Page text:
California Nursing Snapshot From BRN Survey

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California Nursing Snapshot From BRN Survey

Lower job satisfaction is never good

By Elizabeth Hanink, RN, BSN, PHN
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Every two years, the California Board of Registered Nursing surveys nurses throughout the state. The board recently made available the results of the 2012 survey. Much of the news is bad, but some points are encouraging:

1. Lower Employment.
  The employment rate for nurses in 2012 was down 2.7 percent from 2010. Employment rates were lower across all age groups, but the biggest drop was among nurses under 40.

2. Lower Salaries. The average annual salary for nursing positions has fallen $3,898 since 2010, to $78,236.

3. Scarcer Nursing Jobs. A larger percentage of nurses say it is hard to find an RN job. More non-retired nurses are looking for work and a full 27.5 percent of California nurses now work outside the profession, the highest figure since 2006.

4. Multiple Jobs. Among nurses who have found RN work, 15.5 percent now have more than one nursing job.

5. Fewer Temp Positions. The percentage of California RNs working for temporary agencies fell to 2.6 percent in 2012. Of the nurses working for temp agencies, 49.2 percent said they did so to have more control over their schedules, while 40.9 percent said they took temp work to supplement their income.

6. Slightly Younger Nurses. The average age of working nurses is now 46.1 years, down slightly from 2010.

7.  More Men. Male nurses now make up 11.6 percent of California’s nurse pool — more than in 2010, but several percentage points lower than 2008, when 14.4 percent of California RNs were men.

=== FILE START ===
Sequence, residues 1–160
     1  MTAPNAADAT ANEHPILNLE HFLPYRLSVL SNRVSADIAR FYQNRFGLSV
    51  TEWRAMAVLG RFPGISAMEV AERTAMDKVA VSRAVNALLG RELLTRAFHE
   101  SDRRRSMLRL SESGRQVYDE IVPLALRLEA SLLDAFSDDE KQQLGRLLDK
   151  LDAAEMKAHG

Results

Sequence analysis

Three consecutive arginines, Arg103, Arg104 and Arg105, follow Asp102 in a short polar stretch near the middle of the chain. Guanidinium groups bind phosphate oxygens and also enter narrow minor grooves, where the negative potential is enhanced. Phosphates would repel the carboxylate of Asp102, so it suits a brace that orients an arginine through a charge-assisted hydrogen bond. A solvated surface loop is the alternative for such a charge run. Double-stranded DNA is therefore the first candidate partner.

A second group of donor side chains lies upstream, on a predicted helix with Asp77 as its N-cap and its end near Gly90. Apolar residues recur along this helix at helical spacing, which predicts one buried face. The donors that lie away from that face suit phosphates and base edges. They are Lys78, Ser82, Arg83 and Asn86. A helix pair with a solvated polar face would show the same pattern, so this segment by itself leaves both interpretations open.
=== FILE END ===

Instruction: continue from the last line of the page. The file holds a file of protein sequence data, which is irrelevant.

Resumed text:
8. Greater Diversity. While the majority of California RNs are white, the percentage has fallen to 53.1 percent. In 2012, 19.5 percent of California nurses were Filipino, 9.5 were Asian or Pacific Islander and 6.6 percent were Hispanic. Diversity was still significantly greater among nurses under age 45.

9. More Advanced Degrees. The number of nurses entering the profession with only a diploma has fallen to 10.3 percent. The percentage of new nurses with associate or bachelor’s degrees rose slightly and the number of nurses entering the profession with master’s or doctoral degrees climbed from 1.9 to 2.2 percent.

10. Less Direct Patient Care. The percentage of staff nurses fell from 59.8 percent in 2010 to 56.1 percent in 2012. Most RNs still work in acute care hospital positions, but the percentage declined from 63.9 percent in 2010 to 63.1 percent in 2012.

11. Lower Job Satisfaction. Job satisfaction has dropped in many areas, including workload, job security, benefits and work environment.

However, there were improvements in job recognition, the quality of preceptor/mentor programs and nurse involvement in managerial decisions and policy. 

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